Asset Encryption: Bringing Real World Value To The Blockchain
“Asset Encryption” is a term for the use of blockchain technology to represent ownership or rights to an asset as a tradable, on-chain token. Though it most commonly refers to the encryption of financial or fungible assets, such as shares in a company or a quantity of gold, asset encryption can hypothetically refer to the encryption of any material or nonmaterial thing possessing monetary value: everything from a piece of art to a patent to an hour of a skilled worker’s time. As such, asset encryption is among the most promising use cases for blockchain, with the upper bound of its growth potentially encompassing nearly all of the human economic activity — a dollar number estimated to be worth well over a hundred trillion annually.
Perhaps more impressive than the long-term promise of this use case are the strides towards adoption already being made today. In the past year alone, major enterprises have studied asset encryption and concluded that it possesses the capacity to disrupt multiple industries, specifically the 9 trillion-dollar annual global securities industry and the 9.6 trillion-dollar global real estate industry. Additionally, Microsoft, Vanguard, and Sotheby’s have announced or gone live with projects tokenizing industrial assets, securities, and real estate, respectively. By these metrics, asset encryption is already among the most popular blockchain use cases currently achieving real-world enterprise adoption.
At the heart of both the current success of asset encryption and its long-term potential is the remarkable number of advantages and additional utility that comes with encrypted assets relative to non-encrypted ones. Encryption can allow for increased liquidity of traditionally illiquid assets; greater accessibility and ease-of-access for otherwise cloistered investment opportunities; greater transparency regarding ownership and ownership history; and a reduction in administrative costs associated with the trading of these assets, including management, issuance, and transactional intermediaries. Finally, encryption allows for assets that previously could not access the ecosystem a path towards doing so, unlocking a whole new realm of potential through asset-backed composability.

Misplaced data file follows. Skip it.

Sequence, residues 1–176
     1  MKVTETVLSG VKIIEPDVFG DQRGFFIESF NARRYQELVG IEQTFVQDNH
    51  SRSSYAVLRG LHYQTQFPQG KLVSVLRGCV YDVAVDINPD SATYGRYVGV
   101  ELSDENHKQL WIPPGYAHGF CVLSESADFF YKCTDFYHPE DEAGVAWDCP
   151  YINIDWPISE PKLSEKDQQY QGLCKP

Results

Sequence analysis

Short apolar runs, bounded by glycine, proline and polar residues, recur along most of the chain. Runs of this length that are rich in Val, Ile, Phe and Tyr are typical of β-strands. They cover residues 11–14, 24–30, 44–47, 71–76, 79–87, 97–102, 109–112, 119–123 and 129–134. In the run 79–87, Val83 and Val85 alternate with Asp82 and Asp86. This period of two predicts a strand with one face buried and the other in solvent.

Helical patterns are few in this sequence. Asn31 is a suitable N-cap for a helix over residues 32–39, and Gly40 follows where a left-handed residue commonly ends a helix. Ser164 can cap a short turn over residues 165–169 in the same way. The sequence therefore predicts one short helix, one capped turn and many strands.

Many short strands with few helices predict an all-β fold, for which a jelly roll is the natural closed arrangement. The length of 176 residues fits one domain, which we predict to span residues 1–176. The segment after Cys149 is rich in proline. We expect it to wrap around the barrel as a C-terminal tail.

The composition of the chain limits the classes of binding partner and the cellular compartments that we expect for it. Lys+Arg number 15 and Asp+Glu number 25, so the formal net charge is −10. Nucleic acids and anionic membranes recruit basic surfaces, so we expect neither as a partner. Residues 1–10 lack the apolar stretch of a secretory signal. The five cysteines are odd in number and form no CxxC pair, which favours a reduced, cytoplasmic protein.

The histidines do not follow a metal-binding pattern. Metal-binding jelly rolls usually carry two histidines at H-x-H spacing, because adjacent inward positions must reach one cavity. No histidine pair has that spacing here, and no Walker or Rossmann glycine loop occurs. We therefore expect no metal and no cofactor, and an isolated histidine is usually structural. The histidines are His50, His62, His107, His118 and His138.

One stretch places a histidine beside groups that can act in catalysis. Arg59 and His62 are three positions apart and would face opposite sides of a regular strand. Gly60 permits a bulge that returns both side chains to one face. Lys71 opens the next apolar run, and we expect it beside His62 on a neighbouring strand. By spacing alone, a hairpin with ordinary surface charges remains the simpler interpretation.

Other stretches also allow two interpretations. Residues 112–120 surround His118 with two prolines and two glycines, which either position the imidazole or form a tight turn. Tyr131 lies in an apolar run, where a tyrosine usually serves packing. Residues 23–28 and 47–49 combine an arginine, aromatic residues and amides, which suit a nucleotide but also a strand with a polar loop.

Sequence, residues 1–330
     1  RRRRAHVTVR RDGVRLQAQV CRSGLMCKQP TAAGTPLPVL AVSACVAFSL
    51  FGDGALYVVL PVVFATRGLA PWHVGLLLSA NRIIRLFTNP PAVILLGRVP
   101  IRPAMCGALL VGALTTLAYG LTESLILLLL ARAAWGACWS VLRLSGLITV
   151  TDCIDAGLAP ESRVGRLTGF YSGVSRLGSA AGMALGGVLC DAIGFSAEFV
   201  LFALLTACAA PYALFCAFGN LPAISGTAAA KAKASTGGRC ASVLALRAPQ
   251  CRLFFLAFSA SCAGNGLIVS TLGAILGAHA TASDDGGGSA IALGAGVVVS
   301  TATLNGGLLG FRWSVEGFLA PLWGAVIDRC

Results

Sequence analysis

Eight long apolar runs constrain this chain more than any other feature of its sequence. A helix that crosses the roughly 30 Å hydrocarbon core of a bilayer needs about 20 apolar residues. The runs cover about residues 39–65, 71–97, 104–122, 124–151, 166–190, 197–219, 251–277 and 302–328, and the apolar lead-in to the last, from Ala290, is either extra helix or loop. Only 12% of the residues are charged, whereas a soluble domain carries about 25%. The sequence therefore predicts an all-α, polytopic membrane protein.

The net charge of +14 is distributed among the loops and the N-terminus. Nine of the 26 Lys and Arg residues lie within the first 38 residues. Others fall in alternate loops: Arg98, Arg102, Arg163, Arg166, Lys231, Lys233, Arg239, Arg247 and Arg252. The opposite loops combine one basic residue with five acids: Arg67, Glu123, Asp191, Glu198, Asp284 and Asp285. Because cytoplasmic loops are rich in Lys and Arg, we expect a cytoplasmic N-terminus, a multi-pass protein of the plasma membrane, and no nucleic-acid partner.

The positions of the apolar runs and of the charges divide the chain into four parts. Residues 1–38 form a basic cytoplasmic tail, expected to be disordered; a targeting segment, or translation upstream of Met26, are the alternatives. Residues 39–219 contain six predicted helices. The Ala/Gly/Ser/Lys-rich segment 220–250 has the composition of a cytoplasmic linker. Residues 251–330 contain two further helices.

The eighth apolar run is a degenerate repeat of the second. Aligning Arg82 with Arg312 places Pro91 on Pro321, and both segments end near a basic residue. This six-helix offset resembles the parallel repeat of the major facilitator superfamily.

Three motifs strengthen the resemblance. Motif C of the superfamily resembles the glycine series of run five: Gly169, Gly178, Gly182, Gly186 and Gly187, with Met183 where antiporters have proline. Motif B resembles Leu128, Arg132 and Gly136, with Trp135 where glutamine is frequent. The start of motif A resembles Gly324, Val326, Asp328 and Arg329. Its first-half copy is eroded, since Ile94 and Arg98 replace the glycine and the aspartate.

As anyone familiar with the oracle problem knows, any instance where a blockchain needs to interact with the external world can present security risks and other complications, and asset encryption — a process that by nature relies on information about the world that is generally off-chain — is no exception. Secure oracles will be key for asset encryption to reach its full potential, as markets will need reliable information about the underlying assets in several key processes such as minting, trading, managing, and more.
Benefits of Encrypted Assets
In addition to offering a decentralized and trustless alternative to a real-world product, investment vehicle, or service, encrypted assets also actively improve the assets in a variety of other ways. Specifically, encrypted assets present a clear path towards making numerous assets more valuable, accessible, and useful relative to their legacy counterparts, as well as creating a vehicle by which off-chain data can augment their utilization within the ecosystem.
Fine art is often used as an example of a potentially high-value, but extremely illiquid asset. Due to their scarcity, pieces of fine art enjoy the so-called “liquidity premium” — the theory that low-liquidity assets yield higher returns over time. However, collectors who wish to sell their art are often put at a disadvantage because there may or may not be a robust market of buyers to accommodate a fair value sale. Because of this, the art world encompasses an entire sub-industry of middlemen whose primary function is to accommodate collector-to-collector or artist-to-collector exchange: galleries, dealers, auction houses, etc. This leads to significantly higher transaction costs relative to other assets — a pattern similar to other illiquid assets, such as real estate.